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President Donald Trump Picks Neil Gorsuch To Fill Supreme Court Seat

NEW YORK (CBSNewYork/AP) -- President Donald Trump has tapped Neil Gorsuch to fill the U.S. Supreme Court seat left empty Justice Antonin Scalia's death.

"This may be the most transparent judicial selection process in history," Trump said Tuesday night.

"Millions of voters said this was the single most important issue to them when they voted for me for president. I am a man of my word, I will do as I say -- something that the American people have been asking for from Washington for a very, very long time," he added.

Trump had a list of 21 possible choices, which he made public during the presidential campaign. Among the finalists were Gorsuch, who serves on the 10th U.S. Circuit Court of Appeals in Denver and Thomas Hardiman, who serves on the Philadelphia-based 3rd U.S. Circuit Court of Appeals.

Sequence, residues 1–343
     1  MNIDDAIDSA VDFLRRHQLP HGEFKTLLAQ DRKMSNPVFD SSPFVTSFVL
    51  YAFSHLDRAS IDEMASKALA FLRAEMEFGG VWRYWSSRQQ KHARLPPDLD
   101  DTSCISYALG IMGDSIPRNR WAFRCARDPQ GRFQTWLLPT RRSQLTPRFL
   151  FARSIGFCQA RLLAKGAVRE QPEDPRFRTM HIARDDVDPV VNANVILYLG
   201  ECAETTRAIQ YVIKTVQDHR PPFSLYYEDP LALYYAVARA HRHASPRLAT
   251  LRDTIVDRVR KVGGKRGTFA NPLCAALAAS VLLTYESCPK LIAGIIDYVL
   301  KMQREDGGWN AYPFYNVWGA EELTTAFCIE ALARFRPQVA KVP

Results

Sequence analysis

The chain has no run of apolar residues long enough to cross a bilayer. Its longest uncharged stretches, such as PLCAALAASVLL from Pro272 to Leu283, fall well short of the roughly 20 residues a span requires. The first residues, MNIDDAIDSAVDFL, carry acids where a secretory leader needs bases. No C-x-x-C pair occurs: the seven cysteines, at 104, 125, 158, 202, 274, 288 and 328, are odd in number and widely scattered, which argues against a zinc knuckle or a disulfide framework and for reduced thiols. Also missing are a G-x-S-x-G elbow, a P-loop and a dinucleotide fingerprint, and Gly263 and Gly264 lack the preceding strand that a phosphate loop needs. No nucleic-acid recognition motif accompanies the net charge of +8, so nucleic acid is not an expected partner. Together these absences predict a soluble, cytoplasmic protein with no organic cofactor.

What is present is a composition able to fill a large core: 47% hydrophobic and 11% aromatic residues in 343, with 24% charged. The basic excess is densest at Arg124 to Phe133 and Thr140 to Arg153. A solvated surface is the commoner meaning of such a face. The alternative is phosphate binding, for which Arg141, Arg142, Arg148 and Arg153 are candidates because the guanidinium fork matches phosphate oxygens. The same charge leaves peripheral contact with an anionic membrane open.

In a highly unconventional move, both men were at the White House for the announcement Tuesday night, CBS News reported.

"I have selected an individual whose qualities define, really and I mean closely define, what we're looking for. Judge Gorsuch has outstanding legal skills, a brilliant mind, tremendous discipline and has earned bipartisan support," Trump said.

"I would like to thank Senate leadership. I would only hope that both Democrats and Republicans can come together for once for the good of the country," the president added before handing over the podium.

Gorsuch thanked his family, friends and faith, along with his colleagues and the judges who came before him.

"Standing here in a house of history and acutely aware of my own imperfections, I pledge that if I am confirmed, I will do all my powers permit to be a faithful servant of the Constitution and laws of this great country," he said.